High Blood Pressure and What it Means for Your Heart

You may already know that high blood pressure (hypertension) is one of the leading risk factors for heart attack and stroke, but do you know why?

The heart and blood vessels together form the cardiovascular system, and a defect in either one is bound to affect the other. The following information can help you learn about what blood pressure is and how high blood pressure can affect your cardiovascular health.

Understanding Blood Pressure

Blood pressure is the force of your blood pushing against the walls of your blood vessels. When you have your blood pressure checked, you’ll notice that the measurement is given as two separate numbers, 110/70 for instance. The top number refers to the pressure in your arteries when your heart is pumping (systolic pressure). The lower number refers to the pressure in your arteries when the heart is resting (diastolic). Blood pressure changes throughout the day depending on your activity, stress level and other factors. High blood pressure is usually defined as blood pressure greater than 140/90 that fails to come down regardless of your activity.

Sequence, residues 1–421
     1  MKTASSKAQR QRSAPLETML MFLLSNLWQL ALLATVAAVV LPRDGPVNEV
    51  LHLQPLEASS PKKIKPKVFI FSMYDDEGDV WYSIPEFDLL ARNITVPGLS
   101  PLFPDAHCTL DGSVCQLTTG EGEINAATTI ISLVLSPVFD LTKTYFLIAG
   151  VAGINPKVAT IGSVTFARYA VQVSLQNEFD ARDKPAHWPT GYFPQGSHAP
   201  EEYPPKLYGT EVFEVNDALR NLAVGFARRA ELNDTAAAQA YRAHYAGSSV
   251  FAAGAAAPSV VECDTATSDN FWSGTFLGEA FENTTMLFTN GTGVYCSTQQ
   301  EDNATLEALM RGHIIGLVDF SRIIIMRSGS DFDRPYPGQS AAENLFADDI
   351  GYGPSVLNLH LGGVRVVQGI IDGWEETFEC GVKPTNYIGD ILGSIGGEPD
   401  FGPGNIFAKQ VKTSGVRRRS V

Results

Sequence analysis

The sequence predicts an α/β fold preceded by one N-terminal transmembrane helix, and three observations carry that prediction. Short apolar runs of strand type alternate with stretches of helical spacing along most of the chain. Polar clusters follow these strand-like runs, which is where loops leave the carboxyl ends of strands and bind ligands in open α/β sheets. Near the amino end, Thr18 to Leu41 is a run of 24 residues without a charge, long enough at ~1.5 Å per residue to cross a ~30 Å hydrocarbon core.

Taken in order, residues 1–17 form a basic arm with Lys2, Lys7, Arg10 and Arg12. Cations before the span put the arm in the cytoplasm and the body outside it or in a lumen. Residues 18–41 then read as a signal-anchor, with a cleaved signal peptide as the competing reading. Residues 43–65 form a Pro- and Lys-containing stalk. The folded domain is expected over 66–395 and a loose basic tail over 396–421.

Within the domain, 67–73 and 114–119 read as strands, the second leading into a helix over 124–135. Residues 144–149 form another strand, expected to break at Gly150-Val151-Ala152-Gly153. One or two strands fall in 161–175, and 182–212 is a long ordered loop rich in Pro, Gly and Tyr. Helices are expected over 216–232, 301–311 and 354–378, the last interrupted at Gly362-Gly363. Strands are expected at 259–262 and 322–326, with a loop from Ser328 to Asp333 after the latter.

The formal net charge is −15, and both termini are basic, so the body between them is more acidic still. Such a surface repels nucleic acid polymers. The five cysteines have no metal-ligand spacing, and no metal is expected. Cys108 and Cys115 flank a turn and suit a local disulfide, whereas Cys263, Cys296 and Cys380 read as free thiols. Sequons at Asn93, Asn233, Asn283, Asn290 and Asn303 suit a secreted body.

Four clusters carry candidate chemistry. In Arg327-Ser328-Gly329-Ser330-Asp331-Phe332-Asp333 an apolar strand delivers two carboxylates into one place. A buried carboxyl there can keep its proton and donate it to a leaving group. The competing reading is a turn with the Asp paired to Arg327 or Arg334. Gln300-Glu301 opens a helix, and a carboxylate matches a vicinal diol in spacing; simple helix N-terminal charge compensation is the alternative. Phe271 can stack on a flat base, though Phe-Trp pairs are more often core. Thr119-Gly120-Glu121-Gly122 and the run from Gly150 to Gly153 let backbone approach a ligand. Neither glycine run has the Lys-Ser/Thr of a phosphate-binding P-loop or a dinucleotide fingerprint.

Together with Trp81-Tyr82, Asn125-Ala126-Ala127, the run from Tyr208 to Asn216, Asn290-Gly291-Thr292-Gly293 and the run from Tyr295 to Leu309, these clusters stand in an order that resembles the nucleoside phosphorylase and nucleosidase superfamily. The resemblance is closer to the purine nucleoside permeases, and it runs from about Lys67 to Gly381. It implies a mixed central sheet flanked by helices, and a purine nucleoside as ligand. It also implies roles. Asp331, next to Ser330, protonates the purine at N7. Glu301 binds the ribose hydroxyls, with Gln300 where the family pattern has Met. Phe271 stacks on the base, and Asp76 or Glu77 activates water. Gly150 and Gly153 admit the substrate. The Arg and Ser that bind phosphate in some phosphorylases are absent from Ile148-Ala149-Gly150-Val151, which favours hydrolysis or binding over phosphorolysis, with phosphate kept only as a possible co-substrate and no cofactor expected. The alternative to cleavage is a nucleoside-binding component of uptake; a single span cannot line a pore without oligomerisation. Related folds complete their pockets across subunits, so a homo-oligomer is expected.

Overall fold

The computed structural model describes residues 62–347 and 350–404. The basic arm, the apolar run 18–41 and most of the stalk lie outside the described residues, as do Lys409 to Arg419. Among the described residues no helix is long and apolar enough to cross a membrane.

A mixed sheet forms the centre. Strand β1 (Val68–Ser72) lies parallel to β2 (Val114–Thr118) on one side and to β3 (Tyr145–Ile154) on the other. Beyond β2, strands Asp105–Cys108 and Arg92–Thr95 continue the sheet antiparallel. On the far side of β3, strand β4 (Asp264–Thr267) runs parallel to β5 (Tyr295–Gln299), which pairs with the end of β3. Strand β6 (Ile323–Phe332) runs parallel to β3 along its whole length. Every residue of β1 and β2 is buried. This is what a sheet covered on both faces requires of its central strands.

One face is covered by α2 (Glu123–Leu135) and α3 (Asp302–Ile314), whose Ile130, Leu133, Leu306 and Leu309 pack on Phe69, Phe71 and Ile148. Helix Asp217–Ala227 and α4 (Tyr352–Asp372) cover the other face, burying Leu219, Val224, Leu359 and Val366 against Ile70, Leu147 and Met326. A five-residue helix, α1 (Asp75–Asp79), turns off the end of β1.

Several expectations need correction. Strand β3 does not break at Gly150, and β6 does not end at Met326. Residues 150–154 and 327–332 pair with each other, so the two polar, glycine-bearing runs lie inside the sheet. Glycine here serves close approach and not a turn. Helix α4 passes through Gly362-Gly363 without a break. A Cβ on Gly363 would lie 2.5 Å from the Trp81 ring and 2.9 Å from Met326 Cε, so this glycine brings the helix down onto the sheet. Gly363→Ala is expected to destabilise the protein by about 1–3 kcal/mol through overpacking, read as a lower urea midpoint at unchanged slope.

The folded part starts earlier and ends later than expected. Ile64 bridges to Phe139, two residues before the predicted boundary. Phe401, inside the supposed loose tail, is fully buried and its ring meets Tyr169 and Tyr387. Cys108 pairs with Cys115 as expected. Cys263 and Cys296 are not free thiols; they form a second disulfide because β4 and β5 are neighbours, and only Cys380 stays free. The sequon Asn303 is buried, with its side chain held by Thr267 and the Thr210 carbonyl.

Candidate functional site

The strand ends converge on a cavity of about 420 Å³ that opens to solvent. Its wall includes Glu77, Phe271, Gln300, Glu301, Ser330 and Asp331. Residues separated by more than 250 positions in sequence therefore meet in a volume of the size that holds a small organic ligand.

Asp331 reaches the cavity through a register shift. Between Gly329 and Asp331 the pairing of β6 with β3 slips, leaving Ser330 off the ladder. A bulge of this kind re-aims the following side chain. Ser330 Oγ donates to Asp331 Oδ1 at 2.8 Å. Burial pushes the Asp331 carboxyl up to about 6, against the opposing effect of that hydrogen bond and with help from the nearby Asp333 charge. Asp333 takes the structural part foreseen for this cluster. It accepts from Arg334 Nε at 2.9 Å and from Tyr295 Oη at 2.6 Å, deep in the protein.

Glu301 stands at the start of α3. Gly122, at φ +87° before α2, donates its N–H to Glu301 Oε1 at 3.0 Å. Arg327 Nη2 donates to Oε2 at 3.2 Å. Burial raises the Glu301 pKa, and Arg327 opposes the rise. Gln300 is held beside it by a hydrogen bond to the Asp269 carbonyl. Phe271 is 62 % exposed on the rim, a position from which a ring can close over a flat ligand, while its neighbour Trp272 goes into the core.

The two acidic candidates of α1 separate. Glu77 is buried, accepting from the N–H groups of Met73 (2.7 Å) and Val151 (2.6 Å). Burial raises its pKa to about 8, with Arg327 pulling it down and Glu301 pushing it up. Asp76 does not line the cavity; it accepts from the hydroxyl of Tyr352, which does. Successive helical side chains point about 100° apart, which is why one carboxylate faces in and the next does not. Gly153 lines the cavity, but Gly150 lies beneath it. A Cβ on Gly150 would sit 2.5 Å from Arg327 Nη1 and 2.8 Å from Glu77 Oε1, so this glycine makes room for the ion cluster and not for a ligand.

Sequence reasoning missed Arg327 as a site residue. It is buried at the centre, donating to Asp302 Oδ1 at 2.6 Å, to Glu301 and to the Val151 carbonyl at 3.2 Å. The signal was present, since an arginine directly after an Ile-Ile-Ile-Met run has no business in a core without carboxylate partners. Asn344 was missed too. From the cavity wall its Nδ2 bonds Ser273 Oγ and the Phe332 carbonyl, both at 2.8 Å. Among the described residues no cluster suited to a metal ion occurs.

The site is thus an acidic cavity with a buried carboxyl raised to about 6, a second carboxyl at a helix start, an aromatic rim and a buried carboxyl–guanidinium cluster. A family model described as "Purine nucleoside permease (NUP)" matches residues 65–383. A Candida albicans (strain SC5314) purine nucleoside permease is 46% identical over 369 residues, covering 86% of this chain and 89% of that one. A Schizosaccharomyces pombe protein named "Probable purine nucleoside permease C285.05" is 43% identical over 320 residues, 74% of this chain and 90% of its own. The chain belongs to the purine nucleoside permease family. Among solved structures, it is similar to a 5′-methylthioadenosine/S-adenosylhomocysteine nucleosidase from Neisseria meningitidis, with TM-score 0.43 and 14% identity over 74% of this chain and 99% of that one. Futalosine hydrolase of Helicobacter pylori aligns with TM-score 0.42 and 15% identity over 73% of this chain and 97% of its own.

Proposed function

A Problem Without Symptoms

High blood pressure has virtually no noticeable side effects in its early stage. That is why everyone should have their blood pressure checked annually (if the results are normal), or every few months (if the results are borderline or high). Sadly, all too often the first “sign” of hypertension is a heart attack, stroke or kidney problem.

Effects on the Heart

When blood pressure is too high and remains that way, arterial walls become weakened and more prone to atherosclerosis (a build-up of fatty substances on the inner walls of the arteries). The heart must then work harder to try to pump oxygenated blood through the clogged arteries. The clogged arteries are also more prone to blood clots that can block the flow of blood entirely.

Excess blood pressure can also cause arteries to bulge (aneurysm) or burst (hemorrhage).

Controlling Your Blood Pressure

The first step in blood pressure control is regular blood pressure checks. If you are diagnosed as having high blood pressure, follow your doctor’s instructions faithfully. Your treatment plan may include exercise and diet recommendations as well as medications to lower blood pressure if needed. We still don’t know how to prevent high blood pressure. We can, fortunately, learn how to control it.

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